1 Claim, 6 Drawing Figures 1 CANOPY FOR PICKUP TRUCKS This invention relates to a novel and highly decorative, rigid, canopy for the rear beds of automotive vehicles, more notably pickup trucks, whose primary purpose is to provide a weather-tight enclosure while preserving clear substantially unobstructed vision for the driver and for occupants housed beneath the canopy. This is done by using optically transparent materials for wall construction rather than the commonly used opaque materials such as wood, metal, fiber-reinforced plastic, or fabric, whose opaque n'ature tends to create A hazardous blind spots for the driver. My novel canopy is designed to protect the contents and/or occupants of the pickup tray from prying eyes and from wind, rain and other adverse conditions. In suitable circumstances, the canopy can serve to provide sleeping quarters for persons or pets. although the side, top and rear walls of the canopy are composed of material which can be accurately described as transparent, the fact that these walls are tinted means that some light is absorbed by them. If, therefore, at the end of the days run the rear window of the vehicle cab is covered by a screen or blanket, it will necessarily be darker within the canopy than it is outside. In such circumstances persons within the canopy may be able to see out, but persons outside the canopy cannot see in.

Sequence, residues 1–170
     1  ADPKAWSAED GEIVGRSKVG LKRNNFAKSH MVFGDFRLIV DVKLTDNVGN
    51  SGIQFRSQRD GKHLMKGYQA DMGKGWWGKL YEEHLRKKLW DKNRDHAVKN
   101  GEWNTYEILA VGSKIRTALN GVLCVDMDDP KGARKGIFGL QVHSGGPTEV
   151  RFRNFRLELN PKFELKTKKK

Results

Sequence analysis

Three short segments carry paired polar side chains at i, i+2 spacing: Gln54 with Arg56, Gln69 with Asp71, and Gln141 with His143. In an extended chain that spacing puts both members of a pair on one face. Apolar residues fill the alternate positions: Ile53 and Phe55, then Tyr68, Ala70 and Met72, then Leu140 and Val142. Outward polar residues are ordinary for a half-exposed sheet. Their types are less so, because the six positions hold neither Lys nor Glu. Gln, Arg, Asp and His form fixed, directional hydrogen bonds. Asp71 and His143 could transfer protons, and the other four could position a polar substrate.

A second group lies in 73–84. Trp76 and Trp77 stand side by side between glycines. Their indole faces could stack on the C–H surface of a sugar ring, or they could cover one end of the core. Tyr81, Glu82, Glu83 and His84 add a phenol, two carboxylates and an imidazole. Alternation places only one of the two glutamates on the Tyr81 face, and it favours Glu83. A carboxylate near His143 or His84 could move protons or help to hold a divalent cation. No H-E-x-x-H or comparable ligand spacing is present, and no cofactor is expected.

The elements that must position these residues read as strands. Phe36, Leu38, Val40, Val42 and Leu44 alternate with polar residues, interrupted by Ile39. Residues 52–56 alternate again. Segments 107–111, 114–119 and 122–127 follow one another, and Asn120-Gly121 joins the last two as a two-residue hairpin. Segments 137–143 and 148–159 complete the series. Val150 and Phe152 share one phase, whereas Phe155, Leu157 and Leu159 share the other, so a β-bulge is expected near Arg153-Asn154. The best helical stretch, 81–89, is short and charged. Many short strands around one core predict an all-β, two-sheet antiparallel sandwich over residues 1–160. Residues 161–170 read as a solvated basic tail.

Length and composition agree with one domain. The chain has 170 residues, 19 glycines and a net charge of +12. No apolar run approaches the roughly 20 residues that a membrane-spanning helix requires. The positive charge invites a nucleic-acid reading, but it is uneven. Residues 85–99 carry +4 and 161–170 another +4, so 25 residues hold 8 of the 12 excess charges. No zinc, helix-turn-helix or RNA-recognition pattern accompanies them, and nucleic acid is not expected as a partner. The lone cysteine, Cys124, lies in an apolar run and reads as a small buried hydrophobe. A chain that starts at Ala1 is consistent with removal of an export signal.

Most desirably, but not necessarily, both the sides and top of the canopy are composed of a single piece of therrnoformed, tough, durable, resilient, optically transparent, tinted, plastic sheet material with the rear wall and window composed chiefly of the same transparent material and the front wall composed chiefly of an untinted material of the same nature. While the preferred plastic is General Electric s polycarbonate sheeting known as Lexan, this invention is not limited to such material but may employ my transparent plastics whose physical properties are suitable for a canopy as herein described.
It is a further feature that the plastic wall-forming members are connected to one another andto the vehicle in a cushioned and shock-absorbing manner which obviates all need for providing weakening perforations in the plastic material.